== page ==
So, it's a relatively cheap experiment and if you cannot produce the desired results, then you just have it professionally repolished.

Dull surface on black marble wall cladding
by: gsrimoyo

Hi, I have Noir St. Laurents marble used as wall cladding in bathroom. To my dismay, even before the jobs handed over, the marble already looks dull (it looks like cloud on the entire wall).

I get the contractor to re polish and the shiny surface returns.

Now, upon inspection to other rooms, all the marble cladded wall (other type of marble) show similar phenomenon.

Now I was wondering what has caused the premature dull surface and whether I'd face recurring problems in the near future.

The marbles were said sealed with Idrobase 303.
Appreciate your comments/advice.
Thank you
G. Srimoyo

===== Countertop Specialty comment:

It is difficult to know why this occurred without knowing how the marble was installed, chemicals used and seeing the marble or at least photos.

If the marble was grouted, then it could be that a grout remover was used that etched the marble. Or some other product used could have etched the marble.

Some questions that may help diagnose this issue:

Is the dullness uniform / even over the entire surface or is it worse in some parts, spotty or in a pattern?

If even all over, then not likely the result of the use of a damaging product.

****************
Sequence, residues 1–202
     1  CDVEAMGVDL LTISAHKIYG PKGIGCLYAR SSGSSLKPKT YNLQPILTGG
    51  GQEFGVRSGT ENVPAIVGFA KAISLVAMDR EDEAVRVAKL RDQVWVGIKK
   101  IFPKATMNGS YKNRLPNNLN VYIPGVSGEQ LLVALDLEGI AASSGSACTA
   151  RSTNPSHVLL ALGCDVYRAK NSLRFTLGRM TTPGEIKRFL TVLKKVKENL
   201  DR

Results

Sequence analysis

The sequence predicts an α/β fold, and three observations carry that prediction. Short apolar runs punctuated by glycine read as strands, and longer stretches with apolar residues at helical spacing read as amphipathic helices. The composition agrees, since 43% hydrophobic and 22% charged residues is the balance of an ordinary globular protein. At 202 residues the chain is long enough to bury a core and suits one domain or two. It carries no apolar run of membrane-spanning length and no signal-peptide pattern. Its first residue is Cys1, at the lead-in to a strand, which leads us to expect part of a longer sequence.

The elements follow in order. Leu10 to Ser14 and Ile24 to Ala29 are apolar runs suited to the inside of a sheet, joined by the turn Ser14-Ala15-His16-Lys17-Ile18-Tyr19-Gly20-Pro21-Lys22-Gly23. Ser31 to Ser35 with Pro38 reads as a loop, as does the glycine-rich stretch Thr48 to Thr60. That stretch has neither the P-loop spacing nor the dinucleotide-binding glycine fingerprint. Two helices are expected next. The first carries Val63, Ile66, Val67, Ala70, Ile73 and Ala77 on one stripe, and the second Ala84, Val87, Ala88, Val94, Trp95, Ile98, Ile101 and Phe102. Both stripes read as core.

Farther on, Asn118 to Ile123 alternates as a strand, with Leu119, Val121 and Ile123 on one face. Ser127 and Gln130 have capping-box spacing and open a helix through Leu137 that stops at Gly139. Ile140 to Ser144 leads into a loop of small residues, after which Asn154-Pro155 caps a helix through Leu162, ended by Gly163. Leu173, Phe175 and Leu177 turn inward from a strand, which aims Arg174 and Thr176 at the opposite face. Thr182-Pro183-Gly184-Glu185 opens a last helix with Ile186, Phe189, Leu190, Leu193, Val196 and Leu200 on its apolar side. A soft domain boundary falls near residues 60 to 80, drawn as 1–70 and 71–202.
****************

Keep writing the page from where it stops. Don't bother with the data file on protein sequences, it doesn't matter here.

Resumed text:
But again, just can't say with any certainty how this happened.

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Spots on Black Marble Tile in Kitchen

by Carolyn


I have black marble tile as my kitchen counter. It has been in for about 6 months.

I now notice rings, light areas and spots that are somewhat white and have dulled the surface.

Even the feel of the tile is rough as compared to the un-affected tiles.

When this was laid, no sealer was applied by the contractor. I didn't know about the care of marble tile, just loved the look of it.

I need to know what I can to do restore what is damaged and what to do to stop any further damage. I am desperate!!!!!!!!!



Carolyn, take a deep breath and relax because I have solutions for you.

And if it makes you feel any better, you are not alone. I can't count how many times someone has told me, "I didn't know anything about marble, just loved the look and now I have XXX problem."